The French Film Festival, once a summertime event, moved to earlier in the year. And the indie film-focused Film-O-Rama, another festival held at the Prytania Theatre, is no more.
Seeing an opportunity, Prytania Theatre operator Robert Brunet is presenting Filmtopia — a chance to soak up great movies on a big screen in the chilled darkness of New Orleans’ oldest operating theater.
Brunet, along with his daughter, Paige, the Prytania’s executive director; New Orleans Film Society artistic director emeritus John Desplas; and Prytania general manager Eric Ramstead curated the first Filmtopia. They hope the festival’s eclectic schedule of 23 films, running July 20 through July 26, will be cinema paradise.
The lineup includes the 2016 documentary about New Orleans restaurateur Ella Brennan; feature films and documentaries about several artists, including painters Jean-Michel Basquiat and Paul Gauguin and filmmaker Jean-Luc Godard; a Stanley Kubrick retrospective; and the American classics “Scarface” and “The Wizard of Oz.” And several French features are in the mix.
“We decided we’re just going to do this with good movies,” Brunet said. “No matter whether it’s an independent film, art film, retrospective film or just something we want to see on the big screen.”
For Brunet, a third-generation film exhibitor in New Orleans, the big screen part is a big deal.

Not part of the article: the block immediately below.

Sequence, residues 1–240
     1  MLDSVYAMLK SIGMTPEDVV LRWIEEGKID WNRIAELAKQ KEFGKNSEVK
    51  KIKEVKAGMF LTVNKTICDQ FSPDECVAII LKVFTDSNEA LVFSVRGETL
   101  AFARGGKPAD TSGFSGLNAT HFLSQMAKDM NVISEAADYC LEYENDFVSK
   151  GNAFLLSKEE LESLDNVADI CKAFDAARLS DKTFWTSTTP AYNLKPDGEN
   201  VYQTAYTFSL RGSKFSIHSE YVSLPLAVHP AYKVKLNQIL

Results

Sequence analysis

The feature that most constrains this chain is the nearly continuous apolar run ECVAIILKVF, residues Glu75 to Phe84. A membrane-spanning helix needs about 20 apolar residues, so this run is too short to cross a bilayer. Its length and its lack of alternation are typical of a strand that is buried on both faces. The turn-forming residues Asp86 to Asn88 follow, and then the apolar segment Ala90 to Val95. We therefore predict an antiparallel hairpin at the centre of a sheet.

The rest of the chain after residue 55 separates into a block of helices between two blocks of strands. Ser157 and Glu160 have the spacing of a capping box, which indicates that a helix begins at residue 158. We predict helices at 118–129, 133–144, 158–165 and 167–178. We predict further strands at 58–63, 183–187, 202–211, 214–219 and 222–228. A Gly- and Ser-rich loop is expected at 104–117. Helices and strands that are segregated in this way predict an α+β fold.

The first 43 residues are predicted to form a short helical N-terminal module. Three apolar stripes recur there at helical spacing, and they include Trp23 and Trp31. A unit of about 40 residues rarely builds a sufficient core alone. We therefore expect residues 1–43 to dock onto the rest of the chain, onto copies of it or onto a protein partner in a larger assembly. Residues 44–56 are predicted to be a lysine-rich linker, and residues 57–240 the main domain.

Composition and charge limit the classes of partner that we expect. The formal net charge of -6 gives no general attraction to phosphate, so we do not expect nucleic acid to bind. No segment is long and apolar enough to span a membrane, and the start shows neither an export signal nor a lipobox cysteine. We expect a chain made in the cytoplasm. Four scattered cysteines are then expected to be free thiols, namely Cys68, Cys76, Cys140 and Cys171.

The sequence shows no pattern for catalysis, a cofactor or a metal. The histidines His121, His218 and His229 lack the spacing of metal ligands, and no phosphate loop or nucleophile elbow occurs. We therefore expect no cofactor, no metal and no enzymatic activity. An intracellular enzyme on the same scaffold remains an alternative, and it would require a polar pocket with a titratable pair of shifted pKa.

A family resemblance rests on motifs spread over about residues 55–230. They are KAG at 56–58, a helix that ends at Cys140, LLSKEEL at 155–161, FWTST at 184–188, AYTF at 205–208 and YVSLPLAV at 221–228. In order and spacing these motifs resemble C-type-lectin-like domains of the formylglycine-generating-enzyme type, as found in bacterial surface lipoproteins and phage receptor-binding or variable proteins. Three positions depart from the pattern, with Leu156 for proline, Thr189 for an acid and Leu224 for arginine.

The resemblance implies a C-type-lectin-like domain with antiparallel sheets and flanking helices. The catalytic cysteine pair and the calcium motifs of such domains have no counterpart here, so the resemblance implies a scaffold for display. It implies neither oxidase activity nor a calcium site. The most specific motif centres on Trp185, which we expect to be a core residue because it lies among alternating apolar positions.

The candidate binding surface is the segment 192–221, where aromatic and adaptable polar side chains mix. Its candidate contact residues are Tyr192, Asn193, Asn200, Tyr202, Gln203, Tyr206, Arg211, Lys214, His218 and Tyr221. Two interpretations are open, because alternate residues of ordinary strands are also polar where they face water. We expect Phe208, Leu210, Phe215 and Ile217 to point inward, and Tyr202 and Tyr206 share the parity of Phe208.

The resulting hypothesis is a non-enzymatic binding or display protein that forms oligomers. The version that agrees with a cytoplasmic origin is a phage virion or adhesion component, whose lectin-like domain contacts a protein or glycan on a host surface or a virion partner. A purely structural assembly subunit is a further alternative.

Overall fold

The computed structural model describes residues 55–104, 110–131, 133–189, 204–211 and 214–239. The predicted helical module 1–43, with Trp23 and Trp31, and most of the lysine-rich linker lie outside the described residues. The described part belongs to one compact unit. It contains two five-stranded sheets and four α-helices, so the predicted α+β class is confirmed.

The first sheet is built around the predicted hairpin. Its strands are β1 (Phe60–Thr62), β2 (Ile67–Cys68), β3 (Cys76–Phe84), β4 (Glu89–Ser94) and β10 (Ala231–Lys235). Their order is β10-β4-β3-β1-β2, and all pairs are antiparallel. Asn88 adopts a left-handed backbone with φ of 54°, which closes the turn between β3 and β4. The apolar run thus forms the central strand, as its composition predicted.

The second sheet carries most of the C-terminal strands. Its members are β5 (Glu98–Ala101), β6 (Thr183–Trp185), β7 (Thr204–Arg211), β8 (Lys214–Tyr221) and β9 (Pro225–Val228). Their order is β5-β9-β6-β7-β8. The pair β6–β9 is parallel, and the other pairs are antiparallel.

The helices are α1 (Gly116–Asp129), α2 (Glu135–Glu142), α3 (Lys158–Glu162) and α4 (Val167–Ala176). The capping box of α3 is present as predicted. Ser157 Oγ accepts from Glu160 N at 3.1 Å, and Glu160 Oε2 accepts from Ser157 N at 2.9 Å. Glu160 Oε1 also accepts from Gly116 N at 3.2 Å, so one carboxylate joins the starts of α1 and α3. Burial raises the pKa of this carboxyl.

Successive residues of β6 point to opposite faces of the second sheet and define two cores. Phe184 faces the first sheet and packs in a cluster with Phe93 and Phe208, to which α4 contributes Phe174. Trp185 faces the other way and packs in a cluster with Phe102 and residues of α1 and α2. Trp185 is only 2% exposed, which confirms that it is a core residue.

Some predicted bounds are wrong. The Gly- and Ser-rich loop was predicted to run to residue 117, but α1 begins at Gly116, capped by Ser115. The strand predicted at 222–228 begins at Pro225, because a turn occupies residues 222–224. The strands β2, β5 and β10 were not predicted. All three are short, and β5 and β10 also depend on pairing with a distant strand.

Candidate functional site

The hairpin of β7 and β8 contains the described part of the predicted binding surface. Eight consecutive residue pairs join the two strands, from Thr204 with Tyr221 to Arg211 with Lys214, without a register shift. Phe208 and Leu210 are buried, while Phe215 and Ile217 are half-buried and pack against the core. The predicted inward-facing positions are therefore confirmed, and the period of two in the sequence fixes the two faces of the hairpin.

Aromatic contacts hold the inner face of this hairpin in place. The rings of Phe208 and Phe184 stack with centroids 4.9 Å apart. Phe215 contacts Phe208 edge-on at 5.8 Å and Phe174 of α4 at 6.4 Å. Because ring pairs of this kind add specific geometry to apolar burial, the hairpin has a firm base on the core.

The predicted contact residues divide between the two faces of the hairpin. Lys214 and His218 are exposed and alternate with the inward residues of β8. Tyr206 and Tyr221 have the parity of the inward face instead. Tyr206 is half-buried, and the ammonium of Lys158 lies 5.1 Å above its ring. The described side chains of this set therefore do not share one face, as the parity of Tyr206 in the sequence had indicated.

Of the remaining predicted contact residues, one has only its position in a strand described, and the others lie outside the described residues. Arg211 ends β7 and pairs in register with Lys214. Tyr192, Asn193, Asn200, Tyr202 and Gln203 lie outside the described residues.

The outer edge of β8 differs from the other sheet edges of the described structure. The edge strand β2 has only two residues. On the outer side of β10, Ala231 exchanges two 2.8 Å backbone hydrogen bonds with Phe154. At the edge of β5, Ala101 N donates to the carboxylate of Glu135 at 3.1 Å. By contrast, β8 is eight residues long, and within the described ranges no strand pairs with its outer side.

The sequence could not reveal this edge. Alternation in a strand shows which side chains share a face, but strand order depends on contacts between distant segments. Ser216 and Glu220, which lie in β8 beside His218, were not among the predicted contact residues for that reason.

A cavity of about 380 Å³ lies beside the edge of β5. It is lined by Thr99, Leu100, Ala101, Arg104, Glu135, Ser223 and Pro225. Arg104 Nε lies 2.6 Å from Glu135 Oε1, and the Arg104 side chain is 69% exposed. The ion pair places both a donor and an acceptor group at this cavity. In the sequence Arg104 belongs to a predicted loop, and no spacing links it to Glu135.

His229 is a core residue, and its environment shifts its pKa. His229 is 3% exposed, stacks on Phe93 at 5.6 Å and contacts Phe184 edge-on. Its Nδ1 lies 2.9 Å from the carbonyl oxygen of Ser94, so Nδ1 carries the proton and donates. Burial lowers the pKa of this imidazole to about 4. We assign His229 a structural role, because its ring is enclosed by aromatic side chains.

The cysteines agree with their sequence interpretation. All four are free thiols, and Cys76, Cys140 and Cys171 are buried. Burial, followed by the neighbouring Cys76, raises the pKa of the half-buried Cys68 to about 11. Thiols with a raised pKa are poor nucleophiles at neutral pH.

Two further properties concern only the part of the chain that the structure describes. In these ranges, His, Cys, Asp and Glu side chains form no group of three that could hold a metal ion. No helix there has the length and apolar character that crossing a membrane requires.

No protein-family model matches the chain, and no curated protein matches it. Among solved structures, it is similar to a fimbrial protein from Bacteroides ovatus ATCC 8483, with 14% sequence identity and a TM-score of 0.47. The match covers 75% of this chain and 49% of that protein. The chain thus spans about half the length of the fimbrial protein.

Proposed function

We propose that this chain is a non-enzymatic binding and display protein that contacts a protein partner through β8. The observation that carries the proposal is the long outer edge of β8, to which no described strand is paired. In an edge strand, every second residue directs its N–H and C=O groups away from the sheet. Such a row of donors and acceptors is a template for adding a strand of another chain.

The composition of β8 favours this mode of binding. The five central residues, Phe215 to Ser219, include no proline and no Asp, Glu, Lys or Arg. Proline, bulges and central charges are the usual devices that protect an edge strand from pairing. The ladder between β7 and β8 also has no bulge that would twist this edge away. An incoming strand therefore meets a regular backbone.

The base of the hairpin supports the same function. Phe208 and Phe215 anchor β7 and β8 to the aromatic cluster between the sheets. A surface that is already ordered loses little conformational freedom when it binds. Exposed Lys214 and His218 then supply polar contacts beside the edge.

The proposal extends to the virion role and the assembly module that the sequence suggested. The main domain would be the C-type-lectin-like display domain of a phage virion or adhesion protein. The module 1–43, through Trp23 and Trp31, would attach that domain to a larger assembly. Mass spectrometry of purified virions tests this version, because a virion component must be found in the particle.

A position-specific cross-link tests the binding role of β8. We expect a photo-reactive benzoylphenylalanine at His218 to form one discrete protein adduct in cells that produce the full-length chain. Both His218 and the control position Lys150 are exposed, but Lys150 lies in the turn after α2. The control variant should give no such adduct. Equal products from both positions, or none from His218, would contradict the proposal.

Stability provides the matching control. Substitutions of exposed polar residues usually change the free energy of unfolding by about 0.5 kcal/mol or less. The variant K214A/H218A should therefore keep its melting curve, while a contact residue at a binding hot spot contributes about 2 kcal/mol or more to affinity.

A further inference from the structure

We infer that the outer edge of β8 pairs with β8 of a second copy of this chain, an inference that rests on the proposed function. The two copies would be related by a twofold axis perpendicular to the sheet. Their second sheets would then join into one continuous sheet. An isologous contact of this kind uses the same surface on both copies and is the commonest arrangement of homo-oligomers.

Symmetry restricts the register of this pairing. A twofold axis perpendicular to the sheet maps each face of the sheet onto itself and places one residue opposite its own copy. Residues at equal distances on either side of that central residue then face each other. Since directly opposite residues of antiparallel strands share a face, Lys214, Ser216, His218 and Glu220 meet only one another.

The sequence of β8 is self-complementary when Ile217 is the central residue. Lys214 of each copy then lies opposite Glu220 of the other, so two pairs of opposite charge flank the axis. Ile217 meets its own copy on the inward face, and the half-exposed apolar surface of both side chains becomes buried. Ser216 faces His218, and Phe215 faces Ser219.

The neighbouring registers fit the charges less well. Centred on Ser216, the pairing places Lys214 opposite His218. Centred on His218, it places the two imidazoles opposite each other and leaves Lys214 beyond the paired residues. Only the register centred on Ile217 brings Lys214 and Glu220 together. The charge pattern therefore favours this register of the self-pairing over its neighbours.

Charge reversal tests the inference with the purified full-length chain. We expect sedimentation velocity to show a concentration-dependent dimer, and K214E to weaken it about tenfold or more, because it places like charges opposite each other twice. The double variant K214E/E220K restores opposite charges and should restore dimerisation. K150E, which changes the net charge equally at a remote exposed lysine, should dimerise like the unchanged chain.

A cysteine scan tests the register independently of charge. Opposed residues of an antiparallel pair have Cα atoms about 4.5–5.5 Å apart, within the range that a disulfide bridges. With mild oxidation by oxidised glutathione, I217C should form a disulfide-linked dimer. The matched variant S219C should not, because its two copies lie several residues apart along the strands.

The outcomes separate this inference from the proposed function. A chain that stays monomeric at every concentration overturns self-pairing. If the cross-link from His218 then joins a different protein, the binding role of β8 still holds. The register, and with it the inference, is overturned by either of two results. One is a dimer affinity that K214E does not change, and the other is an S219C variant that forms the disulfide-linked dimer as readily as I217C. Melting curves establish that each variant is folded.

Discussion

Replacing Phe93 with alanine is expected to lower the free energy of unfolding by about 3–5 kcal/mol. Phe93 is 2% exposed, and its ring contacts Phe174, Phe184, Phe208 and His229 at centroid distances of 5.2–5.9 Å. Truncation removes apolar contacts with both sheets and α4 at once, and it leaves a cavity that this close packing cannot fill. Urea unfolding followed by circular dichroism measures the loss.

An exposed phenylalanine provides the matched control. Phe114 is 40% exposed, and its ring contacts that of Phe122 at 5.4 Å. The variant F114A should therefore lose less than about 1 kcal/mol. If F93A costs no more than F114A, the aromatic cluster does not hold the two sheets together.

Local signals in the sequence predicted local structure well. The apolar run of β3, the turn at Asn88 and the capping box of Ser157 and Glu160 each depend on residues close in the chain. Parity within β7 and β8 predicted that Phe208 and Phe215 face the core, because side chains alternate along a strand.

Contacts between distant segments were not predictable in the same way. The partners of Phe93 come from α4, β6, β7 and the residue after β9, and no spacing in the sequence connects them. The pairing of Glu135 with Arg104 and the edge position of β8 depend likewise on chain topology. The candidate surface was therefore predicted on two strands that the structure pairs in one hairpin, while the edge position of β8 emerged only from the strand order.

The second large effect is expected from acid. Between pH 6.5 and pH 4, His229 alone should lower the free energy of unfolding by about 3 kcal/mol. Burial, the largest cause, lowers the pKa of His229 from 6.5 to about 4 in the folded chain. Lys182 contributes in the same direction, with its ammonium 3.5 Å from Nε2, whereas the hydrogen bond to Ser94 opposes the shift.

“My youngest daughter, who’s 18, watches movies on her cell phone all the time,” he lamented. “That drives me crazy. It’s cool that you can watch a movie on a plane or anywhere, but you miss so much by watching movies on an 8-inch screen.”
The screen in the 104-year-old Prytania Theatre is 38 feet wide and 16½ feet tall.
“The Prytania is a blast from the past,” Brunet said. “That’s part of Filmtopia, too.”
A theater itself and the communal environment therein is part of the cinema experience, Brunet said.
“There’s something magical about that,” he said. “My family has been in the business for more than 100 years. There’s something special about this business and something unique about a theater like the Prytania.”
Filmtopia will have some filmmakers in attendance, including Leslie Iwerks, director of “Ella Brennan: Commanding the Table,” and “Zydeco Breakfast” director Tom Uhl.
“In future years we hope to have more Q&As and make more of an event out of it,” Brunet said.
Brunet is a Kubrick fan. Filmtopia’s Kubrick retrospective, in commemoration of the late director’s 90th birthday, includes “A Clock Orange,” “The Shining” and the little known 1956 film “The Killing.”
Another Filmtopia selection, “The Wizard of Oz,” is a Prytania staple.
“We try to show it at least once a year,” Brunet said. “It was one of my dad’s favorite movies. Obviously, it’s one of those films every kid loves.”
“The Gospel According to André”: Friday at 7 p.m., Monday at noon and Wednesday, July 25 at 2:30 p.m.
A documentary about fashion designer André Leon Talley featuring Talley, Naomi Campbell, Sean "Diddy" Combs and many fashion luminaries.
“Boom for Real: The Late Teenage Years of Jean-Michel Basquiat”: Friday at 9:15 p.m., Sunday at 8 p.m., Tuesday, July 24 at 2:30 p.m. and Thursday, July 26 at noon
“Boom for Real” recounts the now famous artist’s pre-fame years in New York.
“Zydeco Breakfast”: Saturday at 12:15 p.m.
Southwest Louisiana’s unique zydeco music is documented from the music’s roots to its emerging artists.
“Final Portrait”: Friday at 5 p.m. and Saturday at 2:30 p.m.